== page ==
The day started by rescheduling our meeting with the professor of Vodou history. It all worked out because we were able to get a bit of work done before the bus for the market day arrived. Market day was a great cultural experience. We went to a place where stations are set up to sell produces. When went to one of the biggest markets in the area. Casse is on the border of Haiti and the Dominican Republic. It is outside and each individual seller has their own section. They sell everything from freshly chopped meat to hygiene products. You get to see a bit of everything. I didn’t personally enjoy the experience. I avoid grocery shopped and this is like grocery bargaining outside. How much hotter could it have been? I did appreciate the experience though. It allows you to see how much work goes into getting the things you need. The biggest issue I had was that it was so crowded. Everywhere you turned there were large groups of people, some on motorcycles, some with horses, and some with wheel barrows trying to get through very small walk ways. It was similar to lunch time traffic. What was interesting was how people took to the few of us who could speak Kreyol. They gathered around us listening and sometimes helping with miscommunication. It was a great feeling to know that because we were plans and we stood out that there were some willing to help us anyway and appreciate our effort to learn their way of communication. Overall it was an experience similar to Black Friday shopping but it is also what they have to do to survive and have the necessities of everyday life.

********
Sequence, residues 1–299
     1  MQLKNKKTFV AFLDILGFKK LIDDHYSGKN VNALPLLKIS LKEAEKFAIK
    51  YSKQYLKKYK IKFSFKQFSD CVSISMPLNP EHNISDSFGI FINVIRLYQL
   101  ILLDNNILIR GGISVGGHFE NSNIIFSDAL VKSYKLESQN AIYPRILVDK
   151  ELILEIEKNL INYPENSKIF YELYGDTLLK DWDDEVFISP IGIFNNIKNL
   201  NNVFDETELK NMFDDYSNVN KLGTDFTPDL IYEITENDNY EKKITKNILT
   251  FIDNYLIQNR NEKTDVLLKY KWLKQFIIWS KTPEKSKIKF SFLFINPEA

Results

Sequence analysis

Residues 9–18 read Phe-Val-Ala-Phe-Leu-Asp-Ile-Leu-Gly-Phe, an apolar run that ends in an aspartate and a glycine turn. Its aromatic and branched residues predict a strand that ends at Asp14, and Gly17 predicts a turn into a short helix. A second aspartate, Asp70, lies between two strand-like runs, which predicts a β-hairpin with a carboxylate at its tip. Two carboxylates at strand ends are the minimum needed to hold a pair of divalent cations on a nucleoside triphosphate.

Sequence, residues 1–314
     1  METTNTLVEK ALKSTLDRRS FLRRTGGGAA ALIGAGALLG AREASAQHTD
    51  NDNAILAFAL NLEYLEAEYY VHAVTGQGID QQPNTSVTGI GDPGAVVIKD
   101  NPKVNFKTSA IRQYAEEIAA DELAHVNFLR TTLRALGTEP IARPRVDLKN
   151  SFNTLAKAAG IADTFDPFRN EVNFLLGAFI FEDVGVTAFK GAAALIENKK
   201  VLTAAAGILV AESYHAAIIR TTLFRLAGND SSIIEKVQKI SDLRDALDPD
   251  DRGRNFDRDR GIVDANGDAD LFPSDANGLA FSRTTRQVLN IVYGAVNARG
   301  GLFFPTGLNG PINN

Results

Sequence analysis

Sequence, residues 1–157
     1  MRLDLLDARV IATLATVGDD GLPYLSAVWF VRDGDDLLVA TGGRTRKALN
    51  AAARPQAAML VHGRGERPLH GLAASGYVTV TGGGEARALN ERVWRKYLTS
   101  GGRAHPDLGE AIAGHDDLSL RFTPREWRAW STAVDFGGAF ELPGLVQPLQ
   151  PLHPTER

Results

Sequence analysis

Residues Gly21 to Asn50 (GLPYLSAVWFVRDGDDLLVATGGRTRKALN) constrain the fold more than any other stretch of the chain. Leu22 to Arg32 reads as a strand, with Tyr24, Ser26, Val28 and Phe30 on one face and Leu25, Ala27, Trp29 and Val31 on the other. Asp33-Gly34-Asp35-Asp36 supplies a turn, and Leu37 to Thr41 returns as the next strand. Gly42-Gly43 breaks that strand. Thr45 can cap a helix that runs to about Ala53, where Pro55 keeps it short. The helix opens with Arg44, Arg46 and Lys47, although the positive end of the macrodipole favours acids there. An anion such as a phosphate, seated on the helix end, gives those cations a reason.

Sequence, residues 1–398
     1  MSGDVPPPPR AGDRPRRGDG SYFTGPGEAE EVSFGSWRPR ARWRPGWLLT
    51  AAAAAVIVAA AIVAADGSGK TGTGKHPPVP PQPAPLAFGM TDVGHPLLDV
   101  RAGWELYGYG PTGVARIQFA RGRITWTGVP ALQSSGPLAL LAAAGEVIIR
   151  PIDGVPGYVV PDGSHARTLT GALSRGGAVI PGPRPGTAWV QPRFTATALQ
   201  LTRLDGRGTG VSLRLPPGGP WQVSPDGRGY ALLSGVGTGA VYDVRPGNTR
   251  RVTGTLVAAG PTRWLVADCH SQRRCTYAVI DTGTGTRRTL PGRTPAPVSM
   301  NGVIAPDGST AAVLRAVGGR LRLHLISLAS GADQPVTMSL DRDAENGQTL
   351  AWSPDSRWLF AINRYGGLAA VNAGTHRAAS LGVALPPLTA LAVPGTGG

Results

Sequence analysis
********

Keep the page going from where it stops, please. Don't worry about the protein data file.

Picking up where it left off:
We did everything to meet with a man who was willing to talk about Vodou with us. This professor’s main foal was to be sure that we understood the history behind it and the way it works today. He also told us that it is not as bad as people make it out to be. The good and bad parts of it depend on the people operating it. Very different ideas overall than what we often hear about. Today was a very eye-opening culture crash course.